There are a number of ways that you can use your food to improve your mood   – be sure to have a healthy, balanced diet which includes more vegetables and less sugar.  We recommend the Mediterranean Diet and a daily probiotic such as Procera Probiotic to keep your gut happy and healthy.


5. Reduce Caffeine


It’s a well-known that caffeine is a major culprit when it comes to mood swings. Caffeine works by stimulating the nervous system and tricking the brain into releasing feel-good chemicals serotonin and dopamine. However, as I’m sure you’re all aware these significant highs come at the cost of energy slumps that can leave us feeling exhausted and down.  Although caffeine stimulates your nervous system and blocks adenosine receptors thus preventing you from sleeping, a study found that it could also prevent receptors from reacting and causing a stress response such as bad mood, memory problems and low mood.  Try swapping your regular caffeinated drink for a caffeine-free alternative such as herbal tea.  


6. Stay Hydrated

Even mild dehydration is enough to cause fatigue, difficulty concentrating, headaches changes to our mood and mental function. It is thought that dehydration causes mood swings because of decreased blood flow to the brain. Another theory suggests that neurons in the brain can detect dehydration and then send signals to other parts of the brain that are responsible for mood regulation.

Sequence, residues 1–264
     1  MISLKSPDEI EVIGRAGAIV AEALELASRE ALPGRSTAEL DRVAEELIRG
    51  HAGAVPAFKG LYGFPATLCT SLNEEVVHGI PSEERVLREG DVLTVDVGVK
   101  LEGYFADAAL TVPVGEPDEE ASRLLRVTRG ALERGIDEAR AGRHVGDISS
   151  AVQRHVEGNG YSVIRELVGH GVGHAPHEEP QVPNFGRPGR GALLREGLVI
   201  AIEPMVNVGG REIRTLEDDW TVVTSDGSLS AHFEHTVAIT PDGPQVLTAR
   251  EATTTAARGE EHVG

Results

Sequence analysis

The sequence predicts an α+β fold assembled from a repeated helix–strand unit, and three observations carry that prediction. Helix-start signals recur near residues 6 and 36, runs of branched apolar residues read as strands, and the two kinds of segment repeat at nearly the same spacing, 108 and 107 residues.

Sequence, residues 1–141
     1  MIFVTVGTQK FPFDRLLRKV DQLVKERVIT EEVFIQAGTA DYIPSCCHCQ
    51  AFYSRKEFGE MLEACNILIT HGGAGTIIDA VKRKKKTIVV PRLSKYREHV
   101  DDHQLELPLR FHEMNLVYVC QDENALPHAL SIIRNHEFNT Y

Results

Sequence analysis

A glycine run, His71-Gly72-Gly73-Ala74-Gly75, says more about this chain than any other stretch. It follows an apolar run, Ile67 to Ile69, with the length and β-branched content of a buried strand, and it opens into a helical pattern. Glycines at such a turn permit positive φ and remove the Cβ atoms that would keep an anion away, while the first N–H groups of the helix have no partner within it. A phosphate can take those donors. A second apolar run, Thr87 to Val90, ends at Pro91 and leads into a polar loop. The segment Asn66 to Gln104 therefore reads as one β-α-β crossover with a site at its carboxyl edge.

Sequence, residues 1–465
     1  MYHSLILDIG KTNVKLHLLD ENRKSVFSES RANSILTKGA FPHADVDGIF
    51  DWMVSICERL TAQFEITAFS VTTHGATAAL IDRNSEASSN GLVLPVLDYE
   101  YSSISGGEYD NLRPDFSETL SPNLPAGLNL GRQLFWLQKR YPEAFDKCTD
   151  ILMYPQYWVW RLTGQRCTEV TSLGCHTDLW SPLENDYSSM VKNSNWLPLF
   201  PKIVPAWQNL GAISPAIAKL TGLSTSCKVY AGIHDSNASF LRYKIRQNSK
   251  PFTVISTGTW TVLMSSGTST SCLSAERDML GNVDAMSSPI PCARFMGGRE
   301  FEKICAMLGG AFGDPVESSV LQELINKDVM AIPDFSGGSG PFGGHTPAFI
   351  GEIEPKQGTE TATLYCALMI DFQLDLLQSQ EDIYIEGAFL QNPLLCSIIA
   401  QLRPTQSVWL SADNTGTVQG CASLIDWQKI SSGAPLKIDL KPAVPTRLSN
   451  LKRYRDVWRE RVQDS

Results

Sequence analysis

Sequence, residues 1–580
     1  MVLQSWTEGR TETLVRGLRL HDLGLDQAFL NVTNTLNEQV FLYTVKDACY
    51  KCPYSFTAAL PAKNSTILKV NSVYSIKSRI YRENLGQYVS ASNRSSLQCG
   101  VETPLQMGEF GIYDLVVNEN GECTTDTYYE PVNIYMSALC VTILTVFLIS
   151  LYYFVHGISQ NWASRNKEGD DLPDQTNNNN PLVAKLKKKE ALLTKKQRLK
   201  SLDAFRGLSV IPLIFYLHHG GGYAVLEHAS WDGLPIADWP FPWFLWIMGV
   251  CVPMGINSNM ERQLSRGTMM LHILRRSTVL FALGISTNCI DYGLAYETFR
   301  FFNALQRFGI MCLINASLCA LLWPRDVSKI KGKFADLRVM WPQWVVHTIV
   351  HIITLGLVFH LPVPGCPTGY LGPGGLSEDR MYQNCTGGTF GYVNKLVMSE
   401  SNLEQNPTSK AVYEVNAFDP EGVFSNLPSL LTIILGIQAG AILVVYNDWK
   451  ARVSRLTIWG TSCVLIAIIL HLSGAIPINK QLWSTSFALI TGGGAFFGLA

Health experts commonly recommend eight 8-ounce glasses, which equals about 2 liters, or half a gallon a day. This is called the 8×8 rule and is very easy to remember.



7. High Quality Sleep

Sleep and mood are closely connected, we need good quality sleep to be able to emotionally process the day we’ve had at a subconscious level. Sleep is also our time for healing and restoration so, without it, we can increase our chances of both emotional and physical problems. Lack of sleep can easily lead to low mood or feelings of anxiety and stress. If you are a poor sleeper, you may experience fluctuations in your mood which can then be interpreted as mood swings.   If you are having trouble sleeping, give this article by Procera a ready on “How To Get In A Serious Sleep Routine” and try our best selling Procera Sleep supplement.